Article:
The coming of another Oxford-Cambridge track team to meet the combined forces of Harvard and Yale in July is a welcome event not only for the track enthusiast but as much for all Americans who see in interrrelationships of this nature an important aid to the cementing of Ango-American friendship.
The history of these contests must be contrasted most pleasantly with the hectic rivalry of the Olympic Games. Friendship and the idea of a pleasant excursion have fortunately been the dominant themes which have characterized the matches in the past. At the same time the keen desire for victory has not been lost but merely sublimated to the more commendable attitude of fair play.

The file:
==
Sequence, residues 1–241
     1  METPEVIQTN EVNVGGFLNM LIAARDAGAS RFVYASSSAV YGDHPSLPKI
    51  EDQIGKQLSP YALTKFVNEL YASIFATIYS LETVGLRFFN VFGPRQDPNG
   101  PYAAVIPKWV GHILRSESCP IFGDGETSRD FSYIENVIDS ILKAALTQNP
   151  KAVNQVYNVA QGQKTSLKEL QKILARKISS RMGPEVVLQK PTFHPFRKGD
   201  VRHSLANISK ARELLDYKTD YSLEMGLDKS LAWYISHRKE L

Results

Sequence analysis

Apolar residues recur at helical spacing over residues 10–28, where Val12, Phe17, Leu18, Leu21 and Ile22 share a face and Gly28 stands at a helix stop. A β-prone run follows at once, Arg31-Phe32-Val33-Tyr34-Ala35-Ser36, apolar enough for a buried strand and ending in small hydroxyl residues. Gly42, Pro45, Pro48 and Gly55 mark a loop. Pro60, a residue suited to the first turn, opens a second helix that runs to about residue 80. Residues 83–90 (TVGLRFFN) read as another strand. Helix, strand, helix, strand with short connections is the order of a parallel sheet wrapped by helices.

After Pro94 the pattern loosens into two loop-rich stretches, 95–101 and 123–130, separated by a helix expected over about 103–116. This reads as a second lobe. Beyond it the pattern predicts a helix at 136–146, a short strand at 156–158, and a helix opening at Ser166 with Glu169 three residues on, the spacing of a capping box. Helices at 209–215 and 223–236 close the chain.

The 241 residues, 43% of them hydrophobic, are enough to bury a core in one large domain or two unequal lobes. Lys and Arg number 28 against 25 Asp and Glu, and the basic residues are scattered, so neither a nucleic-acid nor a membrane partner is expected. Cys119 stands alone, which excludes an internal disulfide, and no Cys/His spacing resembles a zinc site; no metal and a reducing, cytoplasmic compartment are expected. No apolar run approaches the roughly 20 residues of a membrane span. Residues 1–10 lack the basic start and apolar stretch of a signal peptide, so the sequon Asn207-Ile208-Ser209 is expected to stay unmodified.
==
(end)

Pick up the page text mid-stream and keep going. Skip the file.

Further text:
Harvard and Yale are happy to welcome the Englishmen again. We trust that the exchange of ideas which will inevitably take place will convince the visitors that all true Americans desire to maintain the best of cordial relations between the two countries. Those who have ridiculed the alleged advantages of such contests from this point of view would do well to exclude from their lists the Oxford-Cambridge invasion. There is nothing quite like it in the athletic relations of the two countries. This is no Ryder Cup team bent only on victory.